Roberts JA, Abdul-Aziz M-H, Davis JS, Dulhunty JM, Cotta MO, Myburgh J, et al. Continuous versus intermittent β-lactam infusion in severe sepsis. A meta-analysis of individual patient data from randomized trials. Am J Respir Crit Care Med. 2016;194:681–91.CrossRefPubMedGoogle Scholar
  14. 14.
    Gilbert P, Collier PJ, Brown MR. Influence of growth rate on susceptibility to antimicrobial agents: biofilms, cell cycle, dormancy, and stringent response. Antimicrob Agents Chemother. 1990;34:1865–8.CrossRefPubMedPubMedCentralGoogle Scholar
  15. 15.
    Gilbert P, Brown MR. Biofilms and beta-lactam activity. J Antimicrob Chemother. 1998;41:571–2.CrossRefPubMedGoogle Scholar
  16. 16.
    Ribera A, Benavent E, Lora-Tamayo J, Tubau F, Pedrero S, Cabo X, et al. Osteoarticular infection caused by MDR Pseudomonas aeruginosa: the benefits of combination therapy with colistin plus β-lactams. J Antimicrob Chemother. 2015;70:3357–65.PubMedGoogle Scholar
  17. 17.
    Moriyama B, Henning SA, Childs R, Holland SM, Anderson VL, Morris JC, et al. High-dose continuous infusion beta-lactam antibiotics for the treatment of resistant Pseudomonas aeruginosa infections in immunocompromised patients. Ann Pharmacother. 2010;44:929–35.CrossRefPubMedPubMedCentralGoogle Scholar
  18. 18.
    Huttner A, Harbarth S, Hope WW, Lipman J, Roberts JA. Therapeutic drug monitoring of the β-lactam antibiotics: what is the evidence and which patients should we be using it for? J Antimicrob Chemother. 2015;70:3178–83.PubMedGoogle Scholar
  19. 19.
    Georges B, Conil J-M, Seguin T, Ruiz S, Minville V, Cougot P, et al. Population pharmacokinetics of ceftazidime in intensive care unit patients: influence of glomerular filtration rate, mechanical ventilation, and reason for admission. Antimicrob Agents Chemother. 2009;53:4483–9.CrossRefPubMedPubMedCentralGoogle Scholar
  20. 20.
    Roberts JA, Abdul-Aziz MH, Lipman J, Mouton JW, Vinks AA, Felton TW, et al. Individualised antibiotic dosing for patients who are critically ill: challenges and potential solutions. Lancet Infect Dis. 2014;14:498–509.CrossRefPubMedPubMedCentralGoogle Scholar
  21. 21.
    Magiorakos A-P, Srinivasan A, Carey RB, Carmeli Y, Falagas ME, Giske CG, et al. Multidrug-resistant, extensively drug-resistant and pandrug-resistant bacteria: an international expert proposal for interim standard definitions for acquired resistance. Clin Microbiol Infect. 2012;18:268–81.CrossRefPubMedGoogle Scholar
  22. 22.
    Cockcroft DW, Gault MH. Prediction of creatinine clearance from serum creatinine. Nephron. 1976;16:31–41.CrossRefPubMedGoogle Scholar
  23. 23.
    Xu H, Zhou W, Zhou D, Li J, Al-Huniti N. Evaluation of aztreonam dosing regimens in patients with normal and impaired renal function: a population pharmacokinetic modeling and monte carlo simulation analysis. J Clin Pharmacol. 2017;57:336–44.CrossRefPubMedGoogle Scholar
  24. 24.
    Hayashi Y, Roberts JA, Paterson DL, Lipman J. Pharmacokinetic evaluation of piperacillin-tazobactam. Expert Opin Drug Metab Toxicol. 2010;6:1017–31.CrossRefPubMedGoogle Scholar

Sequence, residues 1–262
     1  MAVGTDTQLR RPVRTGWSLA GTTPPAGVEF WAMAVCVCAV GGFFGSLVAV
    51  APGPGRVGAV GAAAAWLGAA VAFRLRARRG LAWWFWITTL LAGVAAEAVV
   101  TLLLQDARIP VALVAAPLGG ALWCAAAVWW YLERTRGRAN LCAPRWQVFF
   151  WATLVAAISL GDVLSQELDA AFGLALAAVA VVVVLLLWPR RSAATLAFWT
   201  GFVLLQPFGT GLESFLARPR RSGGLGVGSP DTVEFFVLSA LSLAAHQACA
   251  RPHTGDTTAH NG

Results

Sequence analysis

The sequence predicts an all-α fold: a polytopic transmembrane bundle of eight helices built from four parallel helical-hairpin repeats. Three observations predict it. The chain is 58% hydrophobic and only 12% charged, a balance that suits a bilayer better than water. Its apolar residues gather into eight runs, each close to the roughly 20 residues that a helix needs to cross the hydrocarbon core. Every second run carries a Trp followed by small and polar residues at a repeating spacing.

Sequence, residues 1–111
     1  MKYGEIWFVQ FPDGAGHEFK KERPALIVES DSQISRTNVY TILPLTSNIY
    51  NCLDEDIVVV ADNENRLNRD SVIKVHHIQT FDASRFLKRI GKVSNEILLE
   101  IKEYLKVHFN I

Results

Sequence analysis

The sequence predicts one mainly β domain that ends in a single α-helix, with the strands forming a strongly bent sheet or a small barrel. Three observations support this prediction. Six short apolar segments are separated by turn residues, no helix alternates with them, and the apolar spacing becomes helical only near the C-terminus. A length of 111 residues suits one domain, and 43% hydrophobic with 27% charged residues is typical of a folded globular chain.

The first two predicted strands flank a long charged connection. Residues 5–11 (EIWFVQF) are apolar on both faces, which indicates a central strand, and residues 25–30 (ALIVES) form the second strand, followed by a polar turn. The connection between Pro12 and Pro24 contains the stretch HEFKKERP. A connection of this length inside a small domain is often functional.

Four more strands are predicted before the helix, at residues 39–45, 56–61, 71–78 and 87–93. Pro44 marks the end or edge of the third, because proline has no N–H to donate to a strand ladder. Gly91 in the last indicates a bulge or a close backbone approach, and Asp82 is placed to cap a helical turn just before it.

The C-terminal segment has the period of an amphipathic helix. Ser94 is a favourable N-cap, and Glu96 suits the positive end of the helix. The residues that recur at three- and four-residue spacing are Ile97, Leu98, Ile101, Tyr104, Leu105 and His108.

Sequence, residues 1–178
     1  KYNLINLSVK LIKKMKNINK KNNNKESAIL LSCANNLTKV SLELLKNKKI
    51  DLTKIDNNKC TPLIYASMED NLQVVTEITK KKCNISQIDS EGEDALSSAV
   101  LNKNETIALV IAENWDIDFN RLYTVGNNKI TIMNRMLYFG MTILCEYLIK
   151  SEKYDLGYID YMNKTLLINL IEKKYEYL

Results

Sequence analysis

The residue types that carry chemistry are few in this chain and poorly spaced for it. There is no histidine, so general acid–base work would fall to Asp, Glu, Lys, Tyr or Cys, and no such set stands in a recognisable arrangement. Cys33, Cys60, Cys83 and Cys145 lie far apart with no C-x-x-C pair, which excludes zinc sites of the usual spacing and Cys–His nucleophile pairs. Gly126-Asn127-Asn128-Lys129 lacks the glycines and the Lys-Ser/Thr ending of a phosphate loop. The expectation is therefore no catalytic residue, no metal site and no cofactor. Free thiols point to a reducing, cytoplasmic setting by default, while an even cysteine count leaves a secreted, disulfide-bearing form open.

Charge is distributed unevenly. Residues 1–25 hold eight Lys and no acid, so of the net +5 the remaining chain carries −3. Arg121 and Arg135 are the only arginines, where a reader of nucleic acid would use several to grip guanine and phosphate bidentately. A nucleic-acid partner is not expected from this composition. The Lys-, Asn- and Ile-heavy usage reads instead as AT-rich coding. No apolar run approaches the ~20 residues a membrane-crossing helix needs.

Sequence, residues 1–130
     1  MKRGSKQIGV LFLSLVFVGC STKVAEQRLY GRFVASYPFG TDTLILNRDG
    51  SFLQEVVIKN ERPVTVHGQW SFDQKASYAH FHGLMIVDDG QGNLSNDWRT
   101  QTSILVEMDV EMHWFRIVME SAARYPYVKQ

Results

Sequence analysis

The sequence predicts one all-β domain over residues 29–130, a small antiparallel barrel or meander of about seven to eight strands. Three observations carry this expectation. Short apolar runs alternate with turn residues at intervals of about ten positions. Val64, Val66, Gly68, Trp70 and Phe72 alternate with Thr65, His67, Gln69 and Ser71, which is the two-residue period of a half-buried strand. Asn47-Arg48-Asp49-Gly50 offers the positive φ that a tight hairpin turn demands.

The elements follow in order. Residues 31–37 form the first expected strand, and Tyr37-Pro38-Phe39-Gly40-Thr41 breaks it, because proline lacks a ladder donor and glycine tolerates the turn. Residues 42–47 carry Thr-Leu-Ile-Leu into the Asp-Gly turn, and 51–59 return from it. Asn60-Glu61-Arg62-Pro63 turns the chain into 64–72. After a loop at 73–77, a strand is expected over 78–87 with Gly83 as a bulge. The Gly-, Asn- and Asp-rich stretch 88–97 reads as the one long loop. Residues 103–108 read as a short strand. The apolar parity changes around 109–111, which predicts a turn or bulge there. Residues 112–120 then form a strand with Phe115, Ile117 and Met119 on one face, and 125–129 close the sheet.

25. 25.
    Moriyama B, Henning SA, Neuhauser MM, Danner RL, Walsh TJ. Continuous-infusion beta-lactam antibiotics during continuous venovenous hemofiltration for the treatment of resistant gram-negative bacteria. Ann Pharmacother. 2009;43:1324–37.CrossRefPubMedGoogle Scholar
  26. 26.
    Roberts JA, Webb S, Paterson D, Ho KM, Lipman J. A systematic review on clinical benefits of continuous administration of β-lactam antibiotics. Crit Care Med. 2009;37:2071–8.CrossRefPubMedGoogle Scholar
  27. 27.
    Rigo-Bonnin R, Cobo-Sacristán S, Padullés A, Ribera A, Arbiol-Roca A, Murillo Ó, et al. Measurement of ceftazidime concentration in human plasma by ultra-performance liquid chromatography-tandem mass spectrometry. Application to critically ill patients and patients with osteoarticular infections. Biomed Chromatogr. 2016;30:410–8.CrossRefPubMedGoogle Scholar
  28. 28.
    Rigo-Bonnin R, Ribera A, Arbiol-Roca A, Cobo-Sacristán S, Padullés A, Murillo Ò, et al. Development and validation of a measurement procedure based on ultra-high performance liquid chromatography-tandem mass spectrometry for simultaneous measurement of β-lactam antibiotic concentration in human plasma. Clin Chim Acta. 2017;468:215–24.CrossRefPubMedGoogle Scholar
  29. 29.
    Roberts JA, Paratz J, Paratz E, Krueger WA, Lipman J. Continuous infusion of beta-lactam antibiotics in severe infections: a review of its role. Int J Antimicrob Agents. 2007;30:11–8.CrossRefPubMedGoogle Scholar
  30. 30.
    Hoiby N, Bjarnsholt T, Moser C, Bassi GL, Coenye T, Donelli G, et al. ESCMID guideline for the diagnosis and treatment of biofilm infections 2014. Clin Microbiol Infect. 2015;21:S1–25.CrossRefPubMedGoogle Scholar
  31. 31.
    Klinger-Strobel M, Stein C, Forstner C, Makarewicz O, Pletz M. Effects of colistin on biofilm matrices of Escherichia coli and Staphylococcus aureus. Int J Antimicrob Agents. 2017;49:472–9.CrossRefPubMedGoogle Scholar

Copyright information

© Springer-Verlag GmbH Germany, part of Springer Nature 2018

Authors and Affiliations

  • Alba Ribera
    • 1
  • Laura Soldevila
    • 1
  • Raul Rigo-Bonnin
    • 2
  • Fe Tubau
    • 3
    • 4
  • Ariadna Padullés
    • 5
  • Joan Gómez-Junyent
    • 1
  • Javier Ariza
    • 1
  • Oscar Murillo
    • 1
  1. 1.Infectious Diseases DepartmentIDIBELL-Hospital Universitari de BellvitgeBarcelonaSpain
  2. 2.Clinical Laboratory DepartmentIDIBELL-Hospital Universitari de BellvitgeBarcelonaSpain
  3. 3.Microbiology DepartmentIDIBELL-Hospital Universitari de BellvitgeBarcelonaSpain
  4. 4.Ciber de Enfermedades Respiratorias ISCIIIMadridSpain
  5. 5.Pharmacy DepartmentIDIBELL-Hospital Universitari de BellvitgeBarcelonaSpain

Personalised recommendations